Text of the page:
Press release

Violence against women in India: Structural inequalities and social norms must be challenged, urges Christian Aid.

  • New report calls for the implementation of global legislation to address the scourge of violence against women and girls.
  • Economic growth has exacerbated societal inequalities in India, with women and girls experiencing increased family violence as a result of deprivation.
  • Report coincides with charity’s Christmas appeal on women in Afghanistan and India
Following high profile cases of violence against women in India, Christian Aid urges those in power not only to punish perpetrators of violence, but also to address the structural inequalities and norms that hinder the implementation of policies and laws that should keep women and girls safe from harm.

Today, India is waking up to the horrors of violence against women and girls, as people take to the streets in response to recent barbaric and violent acts. 
Yet, more needs to be done to address the patriarchal norms and structural inequalities that continue to keep women and girls trapped in a cycle of poverty, robbing them of their dignity.

In a new report, to coincide with the charity’s Christmas appeal, which focuses on Afghanistan and India, Christian Aid stresses that global gender inequality is exacerbated by the prevalence of all forms of violence against women and girls (VAWG), including forced abortions, rape, female genital mutilation and femicide.

Despite global progress to address VAWG, in terms of laws and regulations, women and girls continue to fall victim to disparity and violence, leaving them behind in a world that is still plagued by structural inequalities and discrimination.
The international NGO calls for leaders in countries, including India, where UN-backed policies to address VAWG are not fully implemented, to give renewed emphasis to the implementation of the CEDAW (UN Convention on the Elimination of All Forms of Discrimination against Women) for women and girls.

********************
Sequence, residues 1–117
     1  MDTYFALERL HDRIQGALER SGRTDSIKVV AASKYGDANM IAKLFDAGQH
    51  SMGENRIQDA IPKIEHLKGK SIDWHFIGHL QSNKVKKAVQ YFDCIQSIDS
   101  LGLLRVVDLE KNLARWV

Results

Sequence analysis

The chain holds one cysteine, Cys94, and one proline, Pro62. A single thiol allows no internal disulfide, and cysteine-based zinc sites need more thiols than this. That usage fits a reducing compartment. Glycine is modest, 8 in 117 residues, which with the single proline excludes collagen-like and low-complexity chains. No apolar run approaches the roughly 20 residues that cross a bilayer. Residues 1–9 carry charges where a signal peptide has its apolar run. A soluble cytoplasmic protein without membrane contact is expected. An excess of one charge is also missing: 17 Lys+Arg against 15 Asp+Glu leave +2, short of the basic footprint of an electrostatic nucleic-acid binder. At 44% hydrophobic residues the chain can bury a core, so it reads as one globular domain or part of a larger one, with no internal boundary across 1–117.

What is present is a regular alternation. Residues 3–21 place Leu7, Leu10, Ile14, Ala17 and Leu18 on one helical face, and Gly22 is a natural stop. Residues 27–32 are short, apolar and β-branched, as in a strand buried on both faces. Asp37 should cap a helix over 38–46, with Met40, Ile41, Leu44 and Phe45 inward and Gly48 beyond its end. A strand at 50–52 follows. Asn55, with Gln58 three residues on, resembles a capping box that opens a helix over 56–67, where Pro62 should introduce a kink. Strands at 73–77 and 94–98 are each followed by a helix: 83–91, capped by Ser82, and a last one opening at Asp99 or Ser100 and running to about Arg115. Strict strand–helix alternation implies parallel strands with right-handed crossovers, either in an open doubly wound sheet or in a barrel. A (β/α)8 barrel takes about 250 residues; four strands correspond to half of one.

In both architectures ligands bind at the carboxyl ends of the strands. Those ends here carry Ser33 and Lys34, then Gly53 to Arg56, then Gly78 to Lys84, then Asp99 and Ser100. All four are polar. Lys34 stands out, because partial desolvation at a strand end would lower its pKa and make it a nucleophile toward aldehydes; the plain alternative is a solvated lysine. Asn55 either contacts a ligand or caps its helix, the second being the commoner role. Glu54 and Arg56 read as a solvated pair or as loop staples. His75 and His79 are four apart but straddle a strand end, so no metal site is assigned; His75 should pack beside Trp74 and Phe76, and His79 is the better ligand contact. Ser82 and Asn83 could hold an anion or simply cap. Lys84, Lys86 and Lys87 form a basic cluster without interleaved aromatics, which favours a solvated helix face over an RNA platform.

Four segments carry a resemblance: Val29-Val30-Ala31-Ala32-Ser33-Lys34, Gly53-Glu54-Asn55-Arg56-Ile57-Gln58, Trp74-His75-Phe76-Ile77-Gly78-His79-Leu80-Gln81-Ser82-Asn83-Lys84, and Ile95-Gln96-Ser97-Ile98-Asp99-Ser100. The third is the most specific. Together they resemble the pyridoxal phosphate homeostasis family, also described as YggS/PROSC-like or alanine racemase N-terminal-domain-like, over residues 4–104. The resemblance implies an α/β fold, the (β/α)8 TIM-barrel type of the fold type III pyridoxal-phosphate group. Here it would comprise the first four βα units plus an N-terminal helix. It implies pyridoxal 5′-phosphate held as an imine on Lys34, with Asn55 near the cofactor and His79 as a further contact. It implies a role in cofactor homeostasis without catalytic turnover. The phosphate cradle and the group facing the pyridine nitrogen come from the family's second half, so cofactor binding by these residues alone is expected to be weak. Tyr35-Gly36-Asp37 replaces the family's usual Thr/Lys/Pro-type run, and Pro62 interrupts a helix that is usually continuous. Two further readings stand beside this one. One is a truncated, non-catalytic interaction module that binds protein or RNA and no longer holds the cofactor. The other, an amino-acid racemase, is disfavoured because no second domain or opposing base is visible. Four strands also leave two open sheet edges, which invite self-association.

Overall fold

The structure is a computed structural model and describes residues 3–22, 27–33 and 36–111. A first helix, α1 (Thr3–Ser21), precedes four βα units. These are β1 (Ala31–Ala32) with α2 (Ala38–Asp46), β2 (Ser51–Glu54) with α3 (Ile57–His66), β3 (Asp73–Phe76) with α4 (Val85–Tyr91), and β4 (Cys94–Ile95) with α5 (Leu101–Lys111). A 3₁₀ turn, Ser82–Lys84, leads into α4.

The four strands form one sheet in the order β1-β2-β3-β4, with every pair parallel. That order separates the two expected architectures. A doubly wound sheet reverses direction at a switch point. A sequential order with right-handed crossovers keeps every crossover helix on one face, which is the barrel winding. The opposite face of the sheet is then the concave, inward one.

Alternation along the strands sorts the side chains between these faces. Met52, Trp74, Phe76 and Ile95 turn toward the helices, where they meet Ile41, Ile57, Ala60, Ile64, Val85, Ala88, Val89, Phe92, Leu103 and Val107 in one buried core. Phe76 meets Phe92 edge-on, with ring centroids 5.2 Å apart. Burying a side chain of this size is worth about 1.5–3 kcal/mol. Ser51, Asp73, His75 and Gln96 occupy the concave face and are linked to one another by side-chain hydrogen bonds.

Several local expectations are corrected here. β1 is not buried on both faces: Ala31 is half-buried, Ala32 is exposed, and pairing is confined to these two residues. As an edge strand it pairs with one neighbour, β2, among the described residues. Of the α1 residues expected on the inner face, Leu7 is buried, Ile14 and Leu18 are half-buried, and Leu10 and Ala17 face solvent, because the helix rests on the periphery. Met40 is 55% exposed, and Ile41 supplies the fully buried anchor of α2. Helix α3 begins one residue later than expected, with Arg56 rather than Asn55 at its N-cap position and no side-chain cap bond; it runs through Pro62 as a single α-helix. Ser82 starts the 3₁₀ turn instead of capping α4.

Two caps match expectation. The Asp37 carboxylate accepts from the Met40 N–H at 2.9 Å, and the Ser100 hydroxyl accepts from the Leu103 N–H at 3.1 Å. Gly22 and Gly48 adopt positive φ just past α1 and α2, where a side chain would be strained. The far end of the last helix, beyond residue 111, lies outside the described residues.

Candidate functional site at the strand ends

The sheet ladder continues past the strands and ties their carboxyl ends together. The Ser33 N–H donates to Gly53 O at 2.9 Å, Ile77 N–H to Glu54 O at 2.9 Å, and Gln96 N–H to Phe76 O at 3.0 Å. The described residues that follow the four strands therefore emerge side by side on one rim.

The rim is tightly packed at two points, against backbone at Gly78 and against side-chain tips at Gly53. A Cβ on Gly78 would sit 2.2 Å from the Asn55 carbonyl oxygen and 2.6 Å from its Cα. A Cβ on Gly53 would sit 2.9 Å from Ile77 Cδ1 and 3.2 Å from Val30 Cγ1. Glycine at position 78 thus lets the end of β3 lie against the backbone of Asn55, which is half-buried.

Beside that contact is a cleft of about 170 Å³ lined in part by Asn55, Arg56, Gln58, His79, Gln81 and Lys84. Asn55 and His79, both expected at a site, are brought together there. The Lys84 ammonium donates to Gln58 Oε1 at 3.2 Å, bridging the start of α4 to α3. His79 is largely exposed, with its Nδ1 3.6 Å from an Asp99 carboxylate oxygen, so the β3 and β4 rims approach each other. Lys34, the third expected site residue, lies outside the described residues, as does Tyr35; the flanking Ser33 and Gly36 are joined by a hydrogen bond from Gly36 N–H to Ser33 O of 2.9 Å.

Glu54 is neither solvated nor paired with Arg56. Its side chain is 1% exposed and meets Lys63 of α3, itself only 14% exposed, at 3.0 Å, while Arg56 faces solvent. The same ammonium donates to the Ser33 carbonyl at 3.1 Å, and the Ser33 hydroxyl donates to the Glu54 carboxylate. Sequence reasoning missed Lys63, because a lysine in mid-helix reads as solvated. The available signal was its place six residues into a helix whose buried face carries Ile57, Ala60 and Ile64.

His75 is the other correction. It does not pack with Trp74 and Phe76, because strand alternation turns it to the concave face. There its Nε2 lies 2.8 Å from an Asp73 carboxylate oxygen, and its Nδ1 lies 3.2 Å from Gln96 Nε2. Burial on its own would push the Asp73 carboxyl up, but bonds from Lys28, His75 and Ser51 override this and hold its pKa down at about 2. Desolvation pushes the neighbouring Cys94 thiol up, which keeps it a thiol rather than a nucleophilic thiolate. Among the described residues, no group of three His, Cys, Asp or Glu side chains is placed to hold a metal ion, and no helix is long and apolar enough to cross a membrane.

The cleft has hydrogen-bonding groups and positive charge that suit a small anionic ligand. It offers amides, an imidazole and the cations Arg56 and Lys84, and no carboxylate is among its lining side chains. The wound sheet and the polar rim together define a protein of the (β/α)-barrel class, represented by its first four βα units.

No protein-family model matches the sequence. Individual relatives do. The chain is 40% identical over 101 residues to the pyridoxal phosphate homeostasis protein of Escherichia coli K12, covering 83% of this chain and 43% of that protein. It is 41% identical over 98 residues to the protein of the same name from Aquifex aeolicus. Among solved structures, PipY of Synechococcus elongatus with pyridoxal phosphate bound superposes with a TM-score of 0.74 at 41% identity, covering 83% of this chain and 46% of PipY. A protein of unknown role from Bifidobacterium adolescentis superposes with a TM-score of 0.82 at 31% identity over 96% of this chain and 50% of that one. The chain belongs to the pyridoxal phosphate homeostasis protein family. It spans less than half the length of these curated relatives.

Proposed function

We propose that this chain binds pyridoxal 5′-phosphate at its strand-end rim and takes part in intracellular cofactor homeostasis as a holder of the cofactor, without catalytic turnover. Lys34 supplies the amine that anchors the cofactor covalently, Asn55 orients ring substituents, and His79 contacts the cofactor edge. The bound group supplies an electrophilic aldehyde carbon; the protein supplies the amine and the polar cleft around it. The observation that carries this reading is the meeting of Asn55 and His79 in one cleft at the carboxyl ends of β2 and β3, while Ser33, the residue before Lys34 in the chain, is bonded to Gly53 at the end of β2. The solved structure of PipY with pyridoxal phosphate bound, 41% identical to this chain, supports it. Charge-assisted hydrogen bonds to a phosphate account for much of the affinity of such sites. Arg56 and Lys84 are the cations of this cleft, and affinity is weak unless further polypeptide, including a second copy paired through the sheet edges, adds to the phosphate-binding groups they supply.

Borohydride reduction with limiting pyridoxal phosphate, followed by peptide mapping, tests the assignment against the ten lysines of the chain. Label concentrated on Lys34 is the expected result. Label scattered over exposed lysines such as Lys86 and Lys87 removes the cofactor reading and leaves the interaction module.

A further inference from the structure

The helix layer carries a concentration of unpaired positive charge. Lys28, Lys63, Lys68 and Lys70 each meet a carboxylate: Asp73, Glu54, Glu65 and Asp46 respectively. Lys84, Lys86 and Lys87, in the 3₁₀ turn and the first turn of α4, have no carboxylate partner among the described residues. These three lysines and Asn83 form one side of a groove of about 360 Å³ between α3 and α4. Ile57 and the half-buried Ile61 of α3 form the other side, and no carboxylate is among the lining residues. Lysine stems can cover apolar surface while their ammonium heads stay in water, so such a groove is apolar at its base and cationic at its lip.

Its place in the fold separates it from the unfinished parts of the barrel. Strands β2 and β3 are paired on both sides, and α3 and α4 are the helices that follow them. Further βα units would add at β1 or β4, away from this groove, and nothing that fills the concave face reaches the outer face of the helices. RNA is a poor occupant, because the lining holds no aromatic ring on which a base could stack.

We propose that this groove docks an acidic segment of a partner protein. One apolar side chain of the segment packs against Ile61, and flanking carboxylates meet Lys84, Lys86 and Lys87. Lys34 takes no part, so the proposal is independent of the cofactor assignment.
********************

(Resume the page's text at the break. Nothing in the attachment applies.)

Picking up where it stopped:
In India, despite its economic progress and gains in terms of standards of living for many, millions of poor minority and excluded communities, inclduing Dalits, Adivasis and Muslims, remain trapped in poverty as a result of stark inequalities, such as gender, caste, ethnicity and religion.  Women and girls are particularly vulnerable to consequential violence – at home and on the streets.

The report, War on Women: The global toll of conflict and violence, states: “While India is waking up to the horrors of such acts of violence, there is less attention on the inequalities and discrimination that renders women and girls more vulnerable to violence. In rural areas especially, these discriminatory norms and practices mean violence remains very common. Although the Scheduled Castes and the Scheduled Tribes (Prevention of Atrocities) Act 1989 includes special measures to promote access to justice for some of the most socially excluded groups, including women and girls affected by violence, many crimes still go unreported because survivors fear stigma and harassment by police and conviction rates for these crimes are low. Recent data suggests very high levels of violence against Dalit women persist, including sexual violence, and that conviction rates remain low.”

The report also explains: “We […] understand that people in poverty often face several intersecting inequalities based on their identities and that these experiences need to be better understood and appropriately addressed in all action to address GBV. We strive for a more inclusive world where identity – gender, ethnicity, caste, religion, class, sexual orientation, disability and age – is no longer a barrier to equal treatment. We know that we cannot stamp out poverty, improve the dignity of women or enable them to live peaceful lives free from violence without addressing such inequality.”
Click here to read the full report, War on Women: The global toll of conflict and violence.

Click here to download powerful photographs related to the report.